2. This is the second semi-final in the MLW World Title Tournament. Vamp beat Christopher Daniels in the QF, while Kea defeated The Wall. Like his earlier match against Daniels, Vampiro is slow and methodical in his approach, but without someone in there with speed to move around him, it means this comes off as lethargic and devoid of energy. Kea again looks good with his kicks and some brutal sounding chops, keeping to the basics, but neither of the guys brings anything compelling to the table and there is no real story to the match for you to get invested in. Because of this, even when they do try to throw in some big moves like a blue thunder bomb and snap hurricanrana, the crowd is pretty dead. Whether it’s legitimate or not, Vampiro looks to be carrying a head or neck injury as he is clutching it after everything he does, but it’s not something that Kea is really focussing on. The two look like they are just going through the motions and killing time, which is backed up by the timekeeper ringing the bell out of nowhere to a confused crowd. I guess this is a 15 min time limit – although the match is only about 12 mins at that point – but that’s never really explained, only that the ref signals for a 5 minute extra time period, until Shane Douglas – who won the first semi-final and who is due to meet the winner comes out to turn the final into a three way match. A not very good match, with a really crappy ending – didn’t enjoy this. (* ¼)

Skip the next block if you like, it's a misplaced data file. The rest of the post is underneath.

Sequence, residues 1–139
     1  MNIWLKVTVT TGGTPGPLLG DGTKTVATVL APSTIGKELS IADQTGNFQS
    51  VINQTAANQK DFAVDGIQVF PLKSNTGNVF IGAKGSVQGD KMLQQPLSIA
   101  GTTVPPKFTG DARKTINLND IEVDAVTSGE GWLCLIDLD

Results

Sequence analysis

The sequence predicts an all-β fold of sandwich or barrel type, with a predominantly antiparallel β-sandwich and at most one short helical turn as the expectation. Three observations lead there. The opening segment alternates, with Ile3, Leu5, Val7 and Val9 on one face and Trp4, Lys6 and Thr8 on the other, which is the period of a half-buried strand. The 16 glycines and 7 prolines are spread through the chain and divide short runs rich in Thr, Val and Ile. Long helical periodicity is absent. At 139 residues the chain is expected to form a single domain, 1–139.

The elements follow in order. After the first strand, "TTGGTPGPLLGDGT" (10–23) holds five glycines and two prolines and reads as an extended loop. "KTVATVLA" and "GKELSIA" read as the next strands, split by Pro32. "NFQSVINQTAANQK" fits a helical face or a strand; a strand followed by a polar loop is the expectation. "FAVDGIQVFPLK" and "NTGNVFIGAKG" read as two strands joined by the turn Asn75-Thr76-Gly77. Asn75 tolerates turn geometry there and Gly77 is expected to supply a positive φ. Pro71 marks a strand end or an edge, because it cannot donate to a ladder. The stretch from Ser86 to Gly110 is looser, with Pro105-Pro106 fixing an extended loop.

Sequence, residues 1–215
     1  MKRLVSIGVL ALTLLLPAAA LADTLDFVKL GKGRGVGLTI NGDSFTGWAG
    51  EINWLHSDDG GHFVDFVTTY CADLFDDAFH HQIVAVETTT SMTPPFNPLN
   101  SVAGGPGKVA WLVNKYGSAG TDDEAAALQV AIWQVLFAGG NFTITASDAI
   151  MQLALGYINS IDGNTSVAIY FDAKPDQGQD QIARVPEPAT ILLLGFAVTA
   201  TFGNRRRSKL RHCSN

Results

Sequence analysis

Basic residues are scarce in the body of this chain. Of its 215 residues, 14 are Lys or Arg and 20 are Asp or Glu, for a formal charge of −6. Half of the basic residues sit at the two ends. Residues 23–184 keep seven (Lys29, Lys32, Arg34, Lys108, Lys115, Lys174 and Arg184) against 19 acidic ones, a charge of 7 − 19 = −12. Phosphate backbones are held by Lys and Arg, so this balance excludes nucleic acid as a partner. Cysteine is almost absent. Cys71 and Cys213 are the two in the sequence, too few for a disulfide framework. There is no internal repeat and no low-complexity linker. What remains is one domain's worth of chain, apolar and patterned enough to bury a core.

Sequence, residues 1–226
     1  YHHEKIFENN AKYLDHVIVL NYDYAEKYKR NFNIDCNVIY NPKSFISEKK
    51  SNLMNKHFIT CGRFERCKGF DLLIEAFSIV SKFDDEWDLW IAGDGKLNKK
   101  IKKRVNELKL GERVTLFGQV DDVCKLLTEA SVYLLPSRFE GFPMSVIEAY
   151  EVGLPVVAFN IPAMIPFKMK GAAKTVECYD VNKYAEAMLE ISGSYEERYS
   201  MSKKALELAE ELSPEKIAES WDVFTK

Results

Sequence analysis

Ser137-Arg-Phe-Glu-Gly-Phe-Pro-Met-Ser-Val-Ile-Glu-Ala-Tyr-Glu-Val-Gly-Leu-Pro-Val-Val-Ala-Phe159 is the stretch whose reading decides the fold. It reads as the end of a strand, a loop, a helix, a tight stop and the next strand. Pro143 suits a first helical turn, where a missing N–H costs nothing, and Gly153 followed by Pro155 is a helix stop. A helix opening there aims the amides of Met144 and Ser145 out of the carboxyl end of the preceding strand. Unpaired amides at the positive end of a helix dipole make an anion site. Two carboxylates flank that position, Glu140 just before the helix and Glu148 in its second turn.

3. Daniels is the only guy in the tournament that wasn’t a former WCW or ECW ‘name’ (I know he was in WCW briefly, but he was essentially a guy that was making his name on the Indies). Because of being a key part of the first few months of ROH – there’s probably a fair crossover with the crowd from the early ROH Murphy Rec shows – there’s a buzz when he comes out and the crowd are behind him in this match despite him ostensibly being the heel. Vamp has lost the dreadlocks and face paint from his WCW run here, and Joey Styles on commentary is trying to put over the story of him being a more serious character and training in MMA. In the early exchanges there is a lot of mat work, and it’s wrestled at a very deliberate pace. Perhaps surprisingly – given he was coming off a run in WCW where he was involved in lots of garbage matches and hokey supernatural storylines – Vamp looks good in the mat work and he more than holds his own with Daniels. You can tell that there’s probably a mix in the crowd between fans who had been going to the early ROH shows and were starting to get into more technical wrestling and those that had been ECW fans, as you can sense some getting restless at the beginning but it never spills over into any “boring” chants. Daniels is so smooth in his movement and exchanges and you can already see how polished he is. The match is fairly low key until Vampiro takes it to the outside, where as more of a brawler he has the advantage. It’s clear that MLW is going down the ECW route of not really having DQs as Vamp uses a chair and then the timekeepers hammer to hit Daniels low. As I mentioned, I think Vampiro was meant to be the face here, but it’s Daniels who the crowd seems to be behind especially when he starts to bust out some of his big moves like the Best Moonsault Ever. This gets a good nearfall, before Vampiro takes the match with a belly to belly suplex off the top rope. (** ¾)